Gig review: Journey/Foreigner/Styx


THIS was a beast of a bill, teaming three anachronistic US soft-rock titans from the 1970s and 80s. Styx set the bar high for entertaining ludicrousness by attacking their opening slot as if they were the headliners, wasting no time in getting feet on monitors, shaggy hair billowing, keyboards rotating on podiums and indulging in formation guitar posing. The least familiar act on the bill, they occupy the proggier end of the spectrum, but were not averse to throwing metal, pomp and overwrought balladry into the mix, combined like a dog's breakfast on Miss America.

There were no laughs to be had from Foreigner, just an efficient, streamlined dispatch of AOR material and glorified screensavers on the backdrop. Fortunately, these guys have standout tracks in their repertoire – the classic rocker Cold As Ice, angsty power ballad Waiting For A Girl Like You and the cathartic lighter-waving anthem I Want To Know What Love Is – which are totems of the soft rock canon.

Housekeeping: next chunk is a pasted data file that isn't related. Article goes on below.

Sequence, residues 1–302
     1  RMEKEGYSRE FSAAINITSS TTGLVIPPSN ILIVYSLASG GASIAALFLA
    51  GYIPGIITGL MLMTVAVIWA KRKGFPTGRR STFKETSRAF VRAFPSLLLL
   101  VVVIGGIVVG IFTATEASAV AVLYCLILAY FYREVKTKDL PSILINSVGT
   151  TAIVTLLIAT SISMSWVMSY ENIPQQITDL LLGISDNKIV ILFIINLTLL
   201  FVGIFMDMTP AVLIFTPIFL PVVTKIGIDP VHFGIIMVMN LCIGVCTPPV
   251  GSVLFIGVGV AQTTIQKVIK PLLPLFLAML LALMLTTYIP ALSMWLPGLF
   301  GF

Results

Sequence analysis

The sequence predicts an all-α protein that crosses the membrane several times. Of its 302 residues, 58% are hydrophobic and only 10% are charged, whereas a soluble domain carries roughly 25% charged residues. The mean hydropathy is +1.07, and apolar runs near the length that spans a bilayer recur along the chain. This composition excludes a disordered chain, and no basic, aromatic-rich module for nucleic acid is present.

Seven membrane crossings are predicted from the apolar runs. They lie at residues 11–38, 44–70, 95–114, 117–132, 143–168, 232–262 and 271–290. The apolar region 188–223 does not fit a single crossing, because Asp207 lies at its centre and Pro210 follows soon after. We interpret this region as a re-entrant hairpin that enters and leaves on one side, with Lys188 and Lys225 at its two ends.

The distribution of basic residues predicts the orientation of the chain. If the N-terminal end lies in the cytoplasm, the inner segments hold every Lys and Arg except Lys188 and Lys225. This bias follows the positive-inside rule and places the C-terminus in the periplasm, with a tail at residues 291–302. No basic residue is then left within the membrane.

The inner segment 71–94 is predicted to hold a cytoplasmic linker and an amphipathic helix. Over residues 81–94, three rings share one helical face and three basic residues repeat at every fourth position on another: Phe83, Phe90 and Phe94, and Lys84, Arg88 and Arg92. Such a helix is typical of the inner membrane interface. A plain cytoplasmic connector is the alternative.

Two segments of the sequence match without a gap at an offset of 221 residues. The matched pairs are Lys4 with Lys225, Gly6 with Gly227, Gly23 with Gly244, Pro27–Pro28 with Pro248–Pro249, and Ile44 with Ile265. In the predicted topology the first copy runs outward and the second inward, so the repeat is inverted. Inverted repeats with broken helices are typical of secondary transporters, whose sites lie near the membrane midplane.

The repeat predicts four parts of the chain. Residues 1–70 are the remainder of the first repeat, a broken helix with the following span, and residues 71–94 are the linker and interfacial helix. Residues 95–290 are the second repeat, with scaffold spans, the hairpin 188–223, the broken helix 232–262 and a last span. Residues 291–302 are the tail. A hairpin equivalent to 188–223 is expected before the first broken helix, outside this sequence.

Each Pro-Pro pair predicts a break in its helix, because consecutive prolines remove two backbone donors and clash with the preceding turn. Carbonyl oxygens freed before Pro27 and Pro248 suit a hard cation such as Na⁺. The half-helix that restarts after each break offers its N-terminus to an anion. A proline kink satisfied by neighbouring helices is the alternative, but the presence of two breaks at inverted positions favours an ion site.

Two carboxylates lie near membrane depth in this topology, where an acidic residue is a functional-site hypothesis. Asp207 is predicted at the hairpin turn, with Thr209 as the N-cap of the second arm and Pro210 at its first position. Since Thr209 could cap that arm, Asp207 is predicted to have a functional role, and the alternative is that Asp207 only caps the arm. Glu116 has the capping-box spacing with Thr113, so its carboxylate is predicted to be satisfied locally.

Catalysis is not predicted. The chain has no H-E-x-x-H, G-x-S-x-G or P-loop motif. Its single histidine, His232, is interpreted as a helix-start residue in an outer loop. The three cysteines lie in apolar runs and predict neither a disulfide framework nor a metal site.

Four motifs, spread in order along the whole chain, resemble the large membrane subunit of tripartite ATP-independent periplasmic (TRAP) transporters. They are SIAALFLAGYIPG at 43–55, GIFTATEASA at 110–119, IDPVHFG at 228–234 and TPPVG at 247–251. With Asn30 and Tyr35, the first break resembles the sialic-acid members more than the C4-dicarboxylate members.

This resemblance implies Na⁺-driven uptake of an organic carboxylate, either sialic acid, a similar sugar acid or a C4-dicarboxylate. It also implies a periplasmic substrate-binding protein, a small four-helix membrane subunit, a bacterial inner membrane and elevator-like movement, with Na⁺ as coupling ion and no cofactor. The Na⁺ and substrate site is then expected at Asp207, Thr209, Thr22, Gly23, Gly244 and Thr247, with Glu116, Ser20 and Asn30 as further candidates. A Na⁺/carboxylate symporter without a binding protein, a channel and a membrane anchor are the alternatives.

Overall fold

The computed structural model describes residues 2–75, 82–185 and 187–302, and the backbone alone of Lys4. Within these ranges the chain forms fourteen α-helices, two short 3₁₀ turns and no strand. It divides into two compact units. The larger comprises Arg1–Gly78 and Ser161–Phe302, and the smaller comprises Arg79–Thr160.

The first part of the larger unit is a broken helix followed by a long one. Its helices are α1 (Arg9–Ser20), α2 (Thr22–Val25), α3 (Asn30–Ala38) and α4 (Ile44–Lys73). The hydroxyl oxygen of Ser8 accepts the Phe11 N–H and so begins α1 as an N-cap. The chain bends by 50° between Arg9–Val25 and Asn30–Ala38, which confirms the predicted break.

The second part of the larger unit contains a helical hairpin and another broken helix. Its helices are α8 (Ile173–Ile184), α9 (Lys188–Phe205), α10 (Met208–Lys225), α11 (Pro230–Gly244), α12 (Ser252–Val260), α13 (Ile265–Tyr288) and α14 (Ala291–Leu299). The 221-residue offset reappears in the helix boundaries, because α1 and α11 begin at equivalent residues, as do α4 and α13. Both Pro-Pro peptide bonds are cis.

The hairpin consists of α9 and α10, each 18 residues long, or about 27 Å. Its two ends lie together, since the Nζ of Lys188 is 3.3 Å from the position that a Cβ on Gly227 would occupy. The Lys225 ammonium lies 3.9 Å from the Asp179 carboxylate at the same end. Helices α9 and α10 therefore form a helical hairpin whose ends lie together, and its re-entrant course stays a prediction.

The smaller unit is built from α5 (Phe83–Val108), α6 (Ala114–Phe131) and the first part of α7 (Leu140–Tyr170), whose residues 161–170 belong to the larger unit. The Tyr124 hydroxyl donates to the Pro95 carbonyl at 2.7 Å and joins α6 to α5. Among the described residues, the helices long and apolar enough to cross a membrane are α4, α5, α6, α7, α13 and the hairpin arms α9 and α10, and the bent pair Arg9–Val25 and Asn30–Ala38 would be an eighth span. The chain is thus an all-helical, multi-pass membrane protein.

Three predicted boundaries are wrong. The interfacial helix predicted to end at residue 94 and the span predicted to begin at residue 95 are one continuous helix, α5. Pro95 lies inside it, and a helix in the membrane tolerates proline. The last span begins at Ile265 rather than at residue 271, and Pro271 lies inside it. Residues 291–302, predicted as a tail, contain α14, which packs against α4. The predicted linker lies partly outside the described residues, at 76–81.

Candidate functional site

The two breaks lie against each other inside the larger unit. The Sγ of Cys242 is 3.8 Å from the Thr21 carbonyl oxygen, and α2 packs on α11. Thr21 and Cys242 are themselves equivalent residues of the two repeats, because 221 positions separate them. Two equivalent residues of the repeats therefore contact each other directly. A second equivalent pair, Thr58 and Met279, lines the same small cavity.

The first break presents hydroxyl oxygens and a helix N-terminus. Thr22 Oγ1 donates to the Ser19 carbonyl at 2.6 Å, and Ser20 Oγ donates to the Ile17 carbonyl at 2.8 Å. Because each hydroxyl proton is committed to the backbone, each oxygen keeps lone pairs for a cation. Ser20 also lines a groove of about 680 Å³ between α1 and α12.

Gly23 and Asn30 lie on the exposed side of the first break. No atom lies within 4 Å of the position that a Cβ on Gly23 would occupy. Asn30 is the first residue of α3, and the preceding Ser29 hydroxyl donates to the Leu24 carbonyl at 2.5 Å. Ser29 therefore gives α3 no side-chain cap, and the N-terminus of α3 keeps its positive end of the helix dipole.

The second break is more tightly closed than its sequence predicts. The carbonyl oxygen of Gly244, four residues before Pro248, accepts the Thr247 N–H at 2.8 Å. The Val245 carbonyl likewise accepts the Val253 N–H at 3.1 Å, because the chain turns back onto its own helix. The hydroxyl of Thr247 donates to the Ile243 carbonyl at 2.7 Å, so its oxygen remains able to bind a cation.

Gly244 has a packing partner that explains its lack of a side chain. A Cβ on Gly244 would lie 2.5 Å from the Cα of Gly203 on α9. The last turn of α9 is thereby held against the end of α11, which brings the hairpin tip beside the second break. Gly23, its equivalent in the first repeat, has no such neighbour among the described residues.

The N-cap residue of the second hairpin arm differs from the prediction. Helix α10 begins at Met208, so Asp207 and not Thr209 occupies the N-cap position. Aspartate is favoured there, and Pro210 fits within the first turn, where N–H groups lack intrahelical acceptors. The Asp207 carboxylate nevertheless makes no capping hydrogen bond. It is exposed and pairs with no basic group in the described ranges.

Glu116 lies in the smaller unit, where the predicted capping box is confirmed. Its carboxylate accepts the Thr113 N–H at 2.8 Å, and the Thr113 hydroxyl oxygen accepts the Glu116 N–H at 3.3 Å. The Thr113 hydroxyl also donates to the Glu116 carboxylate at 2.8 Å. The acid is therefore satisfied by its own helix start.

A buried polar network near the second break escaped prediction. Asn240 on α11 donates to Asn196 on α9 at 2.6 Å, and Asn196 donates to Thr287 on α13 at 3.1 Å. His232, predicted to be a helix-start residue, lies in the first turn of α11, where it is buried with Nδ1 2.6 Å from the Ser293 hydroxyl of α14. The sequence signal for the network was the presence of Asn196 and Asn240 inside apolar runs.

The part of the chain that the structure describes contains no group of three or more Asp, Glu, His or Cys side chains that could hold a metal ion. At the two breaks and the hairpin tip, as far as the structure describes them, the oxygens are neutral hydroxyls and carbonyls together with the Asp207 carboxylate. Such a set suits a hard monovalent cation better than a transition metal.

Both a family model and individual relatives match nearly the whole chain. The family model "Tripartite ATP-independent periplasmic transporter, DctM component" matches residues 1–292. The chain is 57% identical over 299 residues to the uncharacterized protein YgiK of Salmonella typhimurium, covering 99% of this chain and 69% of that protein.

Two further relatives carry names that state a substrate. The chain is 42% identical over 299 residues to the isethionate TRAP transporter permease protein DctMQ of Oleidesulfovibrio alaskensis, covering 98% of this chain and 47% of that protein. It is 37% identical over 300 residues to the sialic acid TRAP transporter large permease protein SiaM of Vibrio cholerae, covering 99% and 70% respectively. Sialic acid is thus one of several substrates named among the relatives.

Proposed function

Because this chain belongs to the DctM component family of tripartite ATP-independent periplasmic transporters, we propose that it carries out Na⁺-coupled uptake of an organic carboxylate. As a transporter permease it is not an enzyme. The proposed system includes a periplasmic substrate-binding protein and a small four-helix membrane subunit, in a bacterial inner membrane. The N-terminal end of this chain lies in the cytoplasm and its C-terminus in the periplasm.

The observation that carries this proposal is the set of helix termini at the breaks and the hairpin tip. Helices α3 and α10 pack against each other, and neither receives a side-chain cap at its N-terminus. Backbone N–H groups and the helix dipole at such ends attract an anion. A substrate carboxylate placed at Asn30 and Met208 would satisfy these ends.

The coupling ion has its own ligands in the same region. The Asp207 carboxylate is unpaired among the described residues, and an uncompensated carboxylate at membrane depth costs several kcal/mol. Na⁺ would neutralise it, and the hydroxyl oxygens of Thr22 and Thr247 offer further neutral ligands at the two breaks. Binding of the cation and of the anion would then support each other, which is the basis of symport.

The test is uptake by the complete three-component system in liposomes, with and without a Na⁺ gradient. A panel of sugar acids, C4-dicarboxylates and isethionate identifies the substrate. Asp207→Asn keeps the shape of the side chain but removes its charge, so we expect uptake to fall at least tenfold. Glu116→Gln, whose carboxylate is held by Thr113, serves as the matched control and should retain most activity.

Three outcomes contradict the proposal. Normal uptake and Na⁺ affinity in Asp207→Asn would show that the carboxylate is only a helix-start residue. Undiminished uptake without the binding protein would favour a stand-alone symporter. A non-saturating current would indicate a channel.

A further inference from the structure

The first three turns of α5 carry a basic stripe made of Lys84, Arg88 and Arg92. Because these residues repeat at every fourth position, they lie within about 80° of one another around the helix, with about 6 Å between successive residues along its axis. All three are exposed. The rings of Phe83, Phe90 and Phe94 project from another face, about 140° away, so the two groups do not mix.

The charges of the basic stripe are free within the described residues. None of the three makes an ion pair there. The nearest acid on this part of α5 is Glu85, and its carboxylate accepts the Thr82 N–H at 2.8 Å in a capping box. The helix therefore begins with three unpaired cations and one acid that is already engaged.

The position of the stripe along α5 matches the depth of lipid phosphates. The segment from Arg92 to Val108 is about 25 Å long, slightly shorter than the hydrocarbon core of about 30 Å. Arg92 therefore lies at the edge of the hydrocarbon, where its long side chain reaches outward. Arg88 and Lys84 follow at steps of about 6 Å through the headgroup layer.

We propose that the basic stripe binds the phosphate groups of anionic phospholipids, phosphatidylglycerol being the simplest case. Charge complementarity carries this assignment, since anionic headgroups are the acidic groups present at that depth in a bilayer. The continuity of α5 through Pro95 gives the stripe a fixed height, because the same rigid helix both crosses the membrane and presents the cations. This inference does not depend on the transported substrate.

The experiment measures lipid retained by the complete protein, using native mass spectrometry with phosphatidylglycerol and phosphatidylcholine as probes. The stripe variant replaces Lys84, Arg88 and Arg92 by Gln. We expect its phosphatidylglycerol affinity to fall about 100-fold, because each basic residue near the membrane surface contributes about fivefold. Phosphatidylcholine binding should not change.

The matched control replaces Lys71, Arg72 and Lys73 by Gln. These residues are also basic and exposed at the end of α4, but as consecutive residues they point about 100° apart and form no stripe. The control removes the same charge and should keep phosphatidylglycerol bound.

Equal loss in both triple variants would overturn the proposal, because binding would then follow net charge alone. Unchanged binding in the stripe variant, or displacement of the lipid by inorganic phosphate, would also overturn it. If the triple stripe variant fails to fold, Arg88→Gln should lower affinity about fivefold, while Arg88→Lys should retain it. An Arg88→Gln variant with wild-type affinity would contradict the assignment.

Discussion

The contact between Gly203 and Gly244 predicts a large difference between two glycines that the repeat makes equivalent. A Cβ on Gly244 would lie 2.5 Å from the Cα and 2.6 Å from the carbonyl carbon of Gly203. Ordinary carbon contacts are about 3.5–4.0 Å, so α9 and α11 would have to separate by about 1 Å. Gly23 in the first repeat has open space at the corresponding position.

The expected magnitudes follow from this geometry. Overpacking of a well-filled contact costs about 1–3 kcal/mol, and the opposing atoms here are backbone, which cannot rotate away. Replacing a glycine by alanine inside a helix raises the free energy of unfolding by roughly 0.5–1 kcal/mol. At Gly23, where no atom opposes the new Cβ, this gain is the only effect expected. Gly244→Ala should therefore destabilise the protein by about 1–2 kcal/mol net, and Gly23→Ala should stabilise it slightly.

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For wall-to-wall fist-pumping anthems, Journey were the big boys here, even if current lead singer Arnel Pineda, their slip of a Filipino frontman, looked like a 21st-century boy playing with dinosaurs, and trying not to be crushed in the stampede.

As the set progressed, he proved his chops – in a rare concession to modernity, the band recruited him after hearing him cover their songs on YouTube – though he lacked the stage presence to really inhabit some of these behemoths.

New tracks City of Hope and the sturdy Chain of Love compared well to their back catalogue but monster ballad Open Arms and the mighty, celebratory Don't Stop Believin' ultimately ruled the roost.